Affirmative Action In California: Has It Outlived Its Purpose?
In the past, most California public agencies believed that affirmative action was an effective tool in the fight to correct discrimination. The main intent of affirmative action was to protect women, minorities and handicap individuals from discrimination (Hill, 1998,1). Affirmative action has been used in areas such as public employment, education and contracts. But today, some public agencies are questioning the meaning of affirmative action. The opponents of affirmative action believe that it encourages preferential hiring practices and reverse discrimination. They have also taken a strong stance towards the elimination of affirmative action through the California Civil Rights Initiative – Proposition 209 (http://www.ca.gov.). The supporters of affirmative action, however, still maintain that it is needed to prevent artificial barriers in the treatment of workers and hiring and admission practices (http://www.co.la.ca.us.). Even though Proposition 209 was passed by California voters, this has not discouraged professional organizations such as Americans United for Affirmative Action (http://www.auaa.org) and the American Association for Affirmative Action (http://www.affirmativeaction.org) who are still committed to educating the public on the importance of affirmative action.
The concept of affirmative action has always been and continues to be a very controversial topic. This paper will focus on the positive and negative viewpoints of affirmative action as well as the future of its existence.
AFFIRMATIVE ACTION: ORIGIN AND MEANING.
The existence of discriminatory behavior against minorities was the leading force in the creation of the Civil Rights Act of 1964. This act prohibits discrimination on the basis of race, sex, and so on, by private as well as public employers (Goldman,1977,193). The Civil Rights Act of 1964 gave birth to a new program, which regulated the granting of federal contracts. This program was entitled Affirmative action. Today affirmative action has become a device to prevent discrimination against minorities and women in the workplace and educational institutions. Affirmative action is responsible for the following:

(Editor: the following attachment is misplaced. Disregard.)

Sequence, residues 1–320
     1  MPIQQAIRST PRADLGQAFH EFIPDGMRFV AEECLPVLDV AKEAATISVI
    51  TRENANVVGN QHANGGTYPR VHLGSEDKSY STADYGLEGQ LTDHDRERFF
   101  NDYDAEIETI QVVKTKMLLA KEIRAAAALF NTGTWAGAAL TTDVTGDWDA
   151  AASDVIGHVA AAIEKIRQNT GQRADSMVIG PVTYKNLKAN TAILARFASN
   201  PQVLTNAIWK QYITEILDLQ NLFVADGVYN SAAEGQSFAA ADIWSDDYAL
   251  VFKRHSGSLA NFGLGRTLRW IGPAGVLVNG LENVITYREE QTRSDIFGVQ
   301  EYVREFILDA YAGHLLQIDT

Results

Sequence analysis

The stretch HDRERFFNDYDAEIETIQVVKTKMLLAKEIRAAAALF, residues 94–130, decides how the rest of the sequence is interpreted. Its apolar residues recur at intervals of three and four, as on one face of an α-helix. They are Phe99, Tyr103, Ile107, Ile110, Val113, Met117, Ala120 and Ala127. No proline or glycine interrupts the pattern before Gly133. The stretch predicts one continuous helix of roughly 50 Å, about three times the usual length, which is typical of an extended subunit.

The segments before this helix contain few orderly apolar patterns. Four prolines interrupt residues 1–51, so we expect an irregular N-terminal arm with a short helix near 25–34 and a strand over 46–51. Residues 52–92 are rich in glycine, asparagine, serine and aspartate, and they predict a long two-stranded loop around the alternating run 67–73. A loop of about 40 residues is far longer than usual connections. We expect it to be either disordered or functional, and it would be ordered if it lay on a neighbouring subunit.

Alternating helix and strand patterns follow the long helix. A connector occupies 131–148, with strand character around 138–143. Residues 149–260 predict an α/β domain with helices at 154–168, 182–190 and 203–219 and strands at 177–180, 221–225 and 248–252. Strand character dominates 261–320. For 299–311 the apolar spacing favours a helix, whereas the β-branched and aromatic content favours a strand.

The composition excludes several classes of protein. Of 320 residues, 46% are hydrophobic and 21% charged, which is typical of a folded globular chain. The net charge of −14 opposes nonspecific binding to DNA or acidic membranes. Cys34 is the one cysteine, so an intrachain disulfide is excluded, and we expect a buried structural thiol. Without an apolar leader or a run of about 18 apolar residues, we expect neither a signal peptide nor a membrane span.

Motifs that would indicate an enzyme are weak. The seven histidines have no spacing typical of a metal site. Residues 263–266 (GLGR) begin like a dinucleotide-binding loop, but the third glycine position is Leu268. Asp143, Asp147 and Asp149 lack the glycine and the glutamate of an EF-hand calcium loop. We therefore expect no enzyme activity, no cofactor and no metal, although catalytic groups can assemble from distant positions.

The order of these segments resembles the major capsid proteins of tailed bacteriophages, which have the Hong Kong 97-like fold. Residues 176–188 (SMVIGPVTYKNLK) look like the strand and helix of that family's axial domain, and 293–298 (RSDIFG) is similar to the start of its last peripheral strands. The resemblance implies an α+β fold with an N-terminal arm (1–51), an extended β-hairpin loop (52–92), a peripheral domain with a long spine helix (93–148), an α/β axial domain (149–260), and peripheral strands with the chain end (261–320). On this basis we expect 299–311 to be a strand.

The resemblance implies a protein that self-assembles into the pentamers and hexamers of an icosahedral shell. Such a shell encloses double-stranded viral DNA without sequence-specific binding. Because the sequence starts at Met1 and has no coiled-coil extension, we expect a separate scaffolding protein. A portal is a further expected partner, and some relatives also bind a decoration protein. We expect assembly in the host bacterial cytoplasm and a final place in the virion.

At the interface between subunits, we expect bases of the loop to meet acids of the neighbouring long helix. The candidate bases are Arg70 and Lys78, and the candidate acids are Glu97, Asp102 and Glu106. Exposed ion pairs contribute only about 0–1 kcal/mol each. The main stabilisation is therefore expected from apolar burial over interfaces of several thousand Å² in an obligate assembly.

Enhancing the efforts in recruiting minority, women and handicap applicants. Employers must specify the acceptance of these applicants in job announcements and newspaper advertisements.
The creation of goals and timetables for actually hiring and promoting minorities and women in positions where they are underrepresented. This ensures that employers are acting in good faith in the prevention of discrimination.
Assisting in the granting of public contracts to business owned by minorities, women and disadvantaged individuals. This allows equal access and participation in the awarding of billions of dollars in government contracts.
Enabling underrepresented groups to participate equally in the education process...